Now, when it really matters, we are about to witness another reinvention of Gordon Brown. As Tony Blair finally makes way and the long weeks of the Labour leadership succession begin, Brown will seek a significant change of style. Out, I am told, will go the clunking fist; in will come a new “listening” Gordon. The buzzword, as the prime-minister-in-waiting tours the country, will be “empathy”, not a word readily associated with the Chancellor of the past ten years. Those around him have realised that there has to be a shift in the public perception of the Labour leadership if the party is to have any hope of recovery.
Despite the surface bluster about the 3 May elections providing a springboard for the next general election, no one in the higher echelons of the party – at least, no one around Brown – really believes it. The results have hit hard, especially in Scotland, where the full significance of the victory by the Scottish National Party is only just beginning to sink in. If Alex Salmond succeeds in forming a government he will provide a daily reminder to the new prime minister of his party’s waning electoral fortunes. The ballot for the Scottish Parliament represented Labour’s first failure in a national election since 1992. The once-unbeatable Blair-Brown election double act ran the SNP very close, but its efforts still ended in defeat, and next time around Brown will be alone.
The original idea had been to use the six weeks until Brown’s coronation to rally the party to the cause of the new leader. But those around the Chancellor now feel that such triumphalism would send the wrong message. Humility is thought to be more appropriate in the circumstances. Brown intends to tour Britain between now and Blair’s final departure, testing the mood of the nation. There will still be a series of hustings around the country for the deputy leadership candidates, which Brown is likely to attend even if no challenger from the left emerges for the top job. There will also be a series of more intimate events on the model of Labour’s Citizen Forums, in which around a hundred people are asked to discuss policy issues with senior politicians. In addition, Brown will spend time consulting the main left-leaning think-tanks such as the Institute for Public Policy Research, Demos and the Social Market Foundation in an attempt to generate ideas. Any speeches he gives will not simply list the achievements of the past ten years, but will also contain significant admissions that mistakes have been made – an approach that does not come naturally to the Chancellor, but one thought necessary while the public remains so hostile to the government.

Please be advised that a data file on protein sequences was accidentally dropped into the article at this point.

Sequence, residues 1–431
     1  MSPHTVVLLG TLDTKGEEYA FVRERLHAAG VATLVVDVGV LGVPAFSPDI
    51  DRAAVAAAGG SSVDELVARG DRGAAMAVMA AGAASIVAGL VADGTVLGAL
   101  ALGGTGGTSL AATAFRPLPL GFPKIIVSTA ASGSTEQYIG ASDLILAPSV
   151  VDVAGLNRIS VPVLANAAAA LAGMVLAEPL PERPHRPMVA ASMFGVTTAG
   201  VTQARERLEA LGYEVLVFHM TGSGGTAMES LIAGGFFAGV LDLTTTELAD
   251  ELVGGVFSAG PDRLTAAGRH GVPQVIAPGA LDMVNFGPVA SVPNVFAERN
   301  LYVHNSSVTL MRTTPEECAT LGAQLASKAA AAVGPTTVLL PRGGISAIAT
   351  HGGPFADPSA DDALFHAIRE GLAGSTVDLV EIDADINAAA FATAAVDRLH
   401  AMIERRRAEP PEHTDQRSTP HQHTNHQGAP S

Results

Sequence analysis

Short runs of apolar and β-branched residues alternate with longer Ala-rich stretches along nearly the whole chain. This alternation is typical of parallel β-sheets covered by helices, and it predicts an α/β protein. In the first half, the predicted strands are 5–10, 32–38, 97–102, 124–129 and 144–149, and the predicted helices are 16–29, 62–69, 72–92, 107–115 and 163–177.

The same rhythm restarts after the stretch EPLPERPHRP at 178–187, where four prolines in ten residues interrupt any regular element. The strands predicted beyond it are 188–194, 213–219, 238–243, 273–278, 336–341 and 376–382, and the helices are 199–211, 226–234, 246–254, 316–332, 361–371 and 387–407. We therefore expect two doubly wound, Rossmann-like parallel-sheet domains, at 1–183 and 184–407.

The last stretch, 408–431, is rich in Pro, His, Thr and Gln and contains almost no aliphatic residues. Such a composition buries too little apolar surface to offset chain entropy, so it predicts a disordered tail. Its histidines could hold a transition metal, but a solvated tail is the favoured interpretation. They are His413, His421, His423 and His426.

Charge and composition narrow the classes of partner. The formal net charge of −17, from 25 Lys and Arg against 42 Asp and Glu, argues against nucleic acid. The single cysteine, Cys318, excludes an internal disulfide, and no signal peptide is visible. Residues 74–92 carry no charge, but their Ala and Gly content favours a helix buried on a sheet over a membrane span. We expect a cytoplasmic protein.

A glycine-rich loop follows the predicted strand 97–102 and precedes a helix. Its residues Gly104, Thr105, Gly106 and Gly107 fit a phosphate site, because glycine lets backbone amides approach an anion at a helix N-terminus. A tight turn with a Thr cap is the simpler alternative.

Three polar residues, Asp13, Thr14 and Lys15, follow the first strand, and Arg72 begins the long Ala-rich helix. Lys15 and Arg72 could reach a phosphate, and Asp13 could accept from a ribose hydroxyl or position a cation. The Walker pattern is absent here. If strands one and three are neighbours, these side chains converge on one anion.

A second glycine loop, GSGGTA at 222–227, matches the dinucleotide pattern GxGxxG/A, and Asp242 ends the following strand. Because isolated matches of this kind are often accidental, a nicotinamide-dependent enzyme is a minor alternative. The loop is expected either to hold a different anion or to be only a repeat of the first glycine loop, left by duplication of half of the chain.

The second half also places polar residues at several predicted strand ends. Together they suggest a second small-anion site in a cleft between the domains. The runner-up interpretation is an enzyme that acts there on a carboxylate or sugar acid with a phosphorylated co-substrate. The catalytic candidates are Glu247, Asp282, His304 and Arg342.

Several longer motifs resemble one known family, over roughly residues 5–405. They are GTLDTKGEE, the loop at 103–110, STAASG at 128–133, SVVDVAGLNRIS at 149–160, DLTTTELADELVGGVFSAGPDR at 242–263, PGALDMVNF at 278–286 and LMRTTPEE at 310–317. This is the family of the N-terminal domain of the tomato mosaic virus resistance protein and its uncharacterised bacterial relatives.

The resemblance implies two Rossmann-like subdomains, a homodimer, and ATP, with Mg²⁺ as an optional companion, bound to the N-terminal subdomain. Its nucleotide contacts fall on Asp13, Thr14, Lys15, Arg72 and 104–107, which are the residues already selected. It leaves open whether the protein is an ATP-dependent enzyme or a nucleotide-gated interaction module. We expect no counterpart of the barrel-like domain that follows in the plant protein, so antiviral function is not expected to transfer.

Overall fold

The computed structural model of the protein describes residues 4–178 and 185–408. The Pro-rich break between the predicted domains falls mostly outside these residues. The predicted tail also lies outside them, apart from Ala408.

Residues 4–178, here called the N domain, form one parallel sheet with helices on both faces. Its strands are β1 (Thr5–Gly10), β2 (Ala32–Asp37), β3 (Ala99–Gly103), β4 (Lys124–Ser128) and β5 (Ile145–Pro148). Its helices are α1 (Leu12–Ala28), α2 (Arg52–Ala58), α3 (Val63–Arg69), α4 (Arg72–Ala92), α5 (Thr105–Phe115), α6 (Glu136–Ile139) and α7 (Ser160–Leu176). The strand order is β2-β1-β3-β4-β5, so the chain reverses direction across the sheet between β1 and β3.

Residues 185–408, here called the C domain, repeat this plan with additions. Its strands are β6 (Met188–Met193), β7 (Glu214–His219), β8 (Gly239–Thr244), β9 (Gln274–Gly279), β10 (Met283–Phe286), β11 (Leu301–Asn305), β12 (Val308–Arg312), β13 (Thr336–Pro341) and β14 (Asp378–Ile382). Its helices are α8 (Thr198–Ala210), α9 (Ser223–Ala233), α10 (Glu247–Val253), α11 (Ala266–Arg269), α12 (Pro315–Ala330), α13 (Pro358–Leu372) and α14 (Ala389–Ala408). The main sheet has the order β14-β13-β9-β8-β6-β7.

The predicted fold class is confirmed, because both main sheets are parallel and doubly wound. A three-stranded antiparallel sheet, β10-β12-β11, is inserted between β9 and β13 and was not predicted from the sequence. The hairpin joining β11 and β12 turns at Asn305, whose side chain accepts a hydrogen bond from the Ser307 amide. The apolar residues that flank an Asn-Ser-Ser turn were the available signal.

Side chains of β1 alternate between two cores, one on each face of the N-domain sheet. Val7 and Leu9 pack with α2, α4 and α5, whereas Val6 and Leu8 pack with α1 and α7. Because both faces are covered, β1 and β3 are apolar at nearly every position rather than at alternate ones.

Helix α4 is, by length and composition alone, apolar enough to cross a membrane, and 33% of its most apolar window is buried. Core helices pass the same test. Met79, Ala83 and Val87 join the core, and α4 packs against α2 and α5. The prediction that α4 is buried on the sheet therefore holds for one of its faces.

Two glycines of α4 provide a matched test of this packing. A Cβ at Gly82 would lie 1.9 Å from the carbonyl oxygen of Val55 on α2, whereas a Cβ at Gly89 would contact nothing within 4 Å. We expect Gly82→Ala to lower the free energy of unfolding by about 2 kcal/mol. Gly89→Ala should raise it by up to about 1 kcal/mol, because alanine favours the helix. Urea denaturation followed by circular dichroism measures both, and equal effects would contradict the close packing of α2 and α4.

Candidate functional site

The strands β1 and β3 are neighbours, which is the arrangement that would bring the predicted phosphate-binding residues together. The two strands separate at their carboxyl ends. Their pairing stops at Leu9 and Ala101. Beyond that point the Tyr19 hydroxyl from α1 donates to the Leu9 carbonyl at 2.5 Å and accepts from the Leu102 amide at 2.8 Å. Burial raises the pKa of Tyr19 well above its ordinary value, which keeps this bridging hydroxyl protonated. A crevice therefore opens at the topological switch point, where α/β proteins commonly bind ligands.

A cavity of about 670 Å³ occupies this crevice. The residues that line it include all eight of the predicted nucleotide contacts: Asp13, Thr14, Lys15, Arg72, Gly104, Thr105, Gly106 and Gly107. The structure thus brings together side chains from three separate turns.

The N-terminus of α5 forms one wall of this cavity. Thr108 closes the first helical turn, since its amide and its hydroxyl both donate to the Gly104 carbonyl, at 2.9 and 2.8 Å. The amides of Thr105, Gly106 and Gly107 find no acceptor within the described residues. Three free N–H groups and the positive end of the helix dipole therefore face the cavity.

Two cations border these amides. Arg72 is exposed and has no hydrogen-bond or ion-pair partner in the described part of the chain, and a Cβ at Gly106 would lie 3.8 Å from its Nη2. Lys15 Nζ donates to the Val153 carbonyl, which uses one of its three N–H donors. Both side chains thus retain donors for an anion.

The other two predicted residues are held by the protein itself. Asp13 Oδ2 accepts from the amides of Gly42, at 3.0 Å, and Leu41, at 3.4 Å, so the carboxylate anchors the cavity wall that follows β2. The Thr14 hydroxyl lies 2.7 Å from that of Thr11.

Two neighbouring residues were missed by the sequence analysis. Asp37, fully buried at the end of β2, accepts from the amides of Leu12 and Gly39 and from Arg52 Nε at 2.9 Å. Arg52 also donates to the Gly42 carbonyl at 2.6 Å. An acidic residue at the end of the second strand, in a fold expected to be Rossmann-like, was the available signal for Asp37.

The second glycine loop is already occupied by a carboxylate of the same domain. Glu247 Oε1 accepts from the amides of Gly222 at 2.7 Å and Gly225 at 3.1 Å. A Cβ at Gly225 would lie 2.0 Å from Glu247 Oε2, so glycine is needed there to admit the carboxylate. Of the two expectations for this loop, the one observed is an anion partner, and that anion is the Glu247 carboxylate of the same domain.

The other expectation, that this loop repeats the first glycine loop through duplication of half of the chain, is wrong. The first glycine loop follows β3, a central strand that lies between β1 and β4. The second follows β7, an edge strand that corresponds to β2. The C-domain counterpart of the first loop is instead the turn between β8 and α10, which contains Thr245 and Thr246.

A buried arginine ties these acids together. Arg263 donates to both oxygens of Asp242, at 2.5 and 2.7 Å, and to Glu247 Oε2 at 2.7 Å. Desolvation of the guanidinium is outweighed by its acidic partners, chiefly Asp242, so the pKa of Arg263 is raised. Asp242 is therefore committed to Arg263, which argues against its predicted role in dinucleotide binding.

If Brown pulls it off, this will be a remarkable transformation of new Labour’s style. Though Blair always appears to be engaged with his audience, he has spent over a decade lecturing Britain as he has lectured Labour. With his easy manner, he never appeared to have a problem relating to people, but on important issues, most crucially the war in Iraq, he showed a startling lack of empathy. Brown, if anything, has the opposite problem: he always seems to be delivering a lecture, even when he is involved in the most casual of conversations.
It is easy to lose count of the false starts in the launch of the prospectus for a Brown premiership. In the early months of 2006, Labour strategists were already briefing that the prime-minister-in-waiting would begin to spread his wings with a series of grand, set-piece speeches on policy beyond his usual Treasury remit. These were designed as part of the plans for a seamless transfer of power. The speeches would showcase the Chancellor’s new vision while emphasising continuity with the Blair era. The first of these, on the subject of national security, did the job well. Before an audience of experts at the Royal United Services Institute in February, Brown established beyond doubt that he would pursue the war on terror at least as passionately as his predecessor. But a subtle shift in emphasis signalled how a Brown premiership might differ from what went before. For every curb on civil liberties deemed necessary for the fight against Islamic extremism, Brown would offer new judicial and parliamentary oversight. At the same time, parliament would be given the ultimate say in the future over whether Britain goes to war. The speech gave a tantalising glimpse of life under Brown. But it should have been followed by further speeches on immigration, the environment, work-life balance and, crucially, foreign affairs.